The houses in this area and the sub-tropical landscaping are particularly reflective of Southern California. Conditions in Los Angeles at the turn of the century provided a unique opportunity for experimentation. The land, the climate and the people all contributed to the development of styles distinctive to the region. This uniqueness is clearly stated in the title of an article which appeared in The Craftsman — "The California Bungalow: A Style of Architecture Which Expresses the Individuality and Freedom Characteristic of our West Coast." The article explains: "In the north and east...a style of building is required which would be absolutely out of harmony with the life and surroundings to be found in...California, — especially in the southern part of the state, - conditions [there] prevail which are found hardly anywhere else on the continent." Una Nixson Hopkins continues in a later issue of the same magazine: "Because of its climatic conditions the possibilities for attractive outdoor effects, such as pergolas, courtyards, terraces and gardens... are almost unlimited...Every house to be built has its particular problem...and in the majority of instances each problem has been worked out according to its individual requirements...There is as yet sufficient space in the West, so that respectable areas are allotted for the erection of homes, — in fact there is a tendency to extend rather than to contract the borders of lawns and gardens, and there is also a growing veneration...for trees." Taken as a whole, this District clearly reflects this kind of architectural development as it occurred in Los Angeles during the first decades of the 20th Century.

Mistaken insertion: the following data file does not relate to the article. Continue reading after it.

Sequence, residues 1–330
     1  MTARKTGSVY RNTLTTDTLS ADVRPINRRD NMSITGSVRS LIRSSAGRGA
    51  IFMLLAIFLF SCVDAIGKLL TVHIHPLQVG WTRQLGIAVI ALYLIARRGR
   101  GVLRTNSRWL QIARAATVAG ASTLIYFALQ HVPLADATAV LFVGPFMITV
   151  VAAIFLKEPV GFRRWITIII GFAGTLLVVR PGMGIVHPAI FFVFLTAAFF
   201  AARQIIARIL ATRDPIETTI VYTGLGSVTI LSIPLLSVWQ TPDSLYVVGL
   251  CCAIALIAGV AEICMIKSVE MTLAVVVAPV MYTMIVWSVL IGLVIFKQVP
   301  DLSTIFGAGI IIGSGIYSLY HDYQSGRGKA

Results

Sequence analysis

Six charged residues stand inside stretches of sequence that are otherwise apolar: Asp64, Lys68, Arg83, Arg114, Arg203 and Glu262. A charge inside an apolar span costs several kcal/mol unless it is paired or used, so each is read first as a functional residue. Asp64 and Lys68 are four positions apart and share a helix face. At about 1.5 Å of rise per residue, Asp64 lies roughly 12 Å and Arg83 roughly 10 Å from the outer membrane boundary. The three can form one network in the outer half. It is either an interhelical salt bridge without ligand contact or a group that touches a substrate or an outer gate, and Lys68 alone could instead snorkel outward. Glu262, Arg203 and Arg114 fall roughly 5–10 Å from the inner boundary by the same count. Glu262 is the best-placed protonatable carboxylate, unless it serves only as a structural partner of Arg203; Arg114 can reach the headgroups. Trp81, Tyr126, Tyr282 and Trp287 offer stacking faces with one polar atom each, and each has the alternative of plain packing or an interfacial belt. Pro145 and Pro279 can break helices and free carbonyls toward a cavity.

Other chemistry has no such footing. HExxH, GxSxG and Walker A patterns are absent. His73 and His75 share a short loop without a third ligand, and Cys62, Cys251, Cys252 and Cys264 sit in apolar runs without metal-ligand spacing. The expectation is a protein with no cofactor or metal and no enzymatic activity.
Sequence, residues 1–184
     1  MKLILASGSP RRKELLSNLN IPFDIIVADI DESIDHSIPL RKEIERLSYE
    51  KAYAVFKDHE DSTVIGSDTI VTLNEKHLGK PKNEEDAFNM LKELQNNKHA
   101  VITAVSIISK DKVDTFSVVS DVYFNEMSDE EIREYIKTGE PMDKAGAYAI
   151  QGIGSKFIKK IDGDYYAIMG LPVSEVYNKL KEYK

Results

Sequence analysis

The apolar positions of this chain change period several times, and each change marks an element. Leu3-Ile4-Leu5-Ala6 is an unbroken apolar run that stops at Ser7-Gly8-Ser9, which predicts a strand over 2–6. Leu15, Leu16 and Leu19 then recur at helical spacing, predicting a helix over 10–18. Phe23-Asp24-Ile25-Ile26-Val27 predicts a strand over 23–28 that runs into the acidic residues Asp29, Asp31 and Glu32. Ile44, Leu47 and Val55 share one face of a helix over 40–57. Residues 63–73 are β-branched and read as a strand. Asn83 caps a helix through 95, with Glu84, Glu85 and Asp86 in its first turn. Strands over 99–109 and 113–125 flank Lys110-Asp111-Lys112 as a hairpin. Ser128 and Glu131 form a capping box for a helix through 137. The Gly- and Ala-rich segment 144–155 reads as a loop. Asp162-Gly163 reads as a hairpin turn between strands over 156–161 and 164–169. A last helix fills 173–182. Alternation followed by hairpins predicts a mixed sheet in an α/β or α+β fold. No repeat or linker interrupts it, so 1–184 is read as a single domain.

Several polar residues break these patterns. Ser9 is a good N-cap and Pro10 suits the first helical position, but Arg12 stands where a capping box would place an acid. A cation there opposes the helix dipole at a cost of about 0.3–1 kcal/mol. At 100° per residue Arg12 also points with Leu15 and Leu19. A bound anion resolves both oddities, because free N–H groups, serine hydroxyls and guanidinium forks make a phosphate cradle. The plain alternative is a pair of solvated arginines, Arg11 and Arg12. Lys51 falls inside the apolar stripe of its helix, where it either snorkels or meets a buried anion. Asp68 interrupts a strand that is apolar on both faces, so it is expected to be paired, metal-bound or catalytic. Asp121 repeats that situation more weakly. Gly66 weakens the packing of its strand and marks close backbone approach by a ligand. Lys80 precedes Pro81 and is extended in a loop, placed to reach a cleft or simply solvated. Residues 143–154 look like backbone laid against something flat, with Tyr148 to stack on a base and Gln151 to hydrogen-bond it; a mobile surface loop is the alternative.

Around 1900 the District was being used as a vegetable garden and chicken ranch by the Plummer family to supply food for their restaurant in the plaza in downtown Los Angeles. It made up the central portion of Plummer Square, recorded with the County of Los Angeles on January 28, 1896, and which included the area between Western Avenue and Westminister (now just west of Norton) and Second Street (now First) and Fourth Street (now Third). On January 8, 1907, John L. Plummer filed a tract map with the County of Los Angeles for the area along Wilton Place between the present Second and Third Streets. A tract map for the area between Second and First Streets was filed in May of 1907 by E. T. Wright and slightly modified in June of 1908. The area was annexed by the City of Los Angeles on October 27, 1909. The only change recorded for the area since then occurred in October of 1912 when Ridgewood Place was cut through south of First Street to join up with Wilton Drive.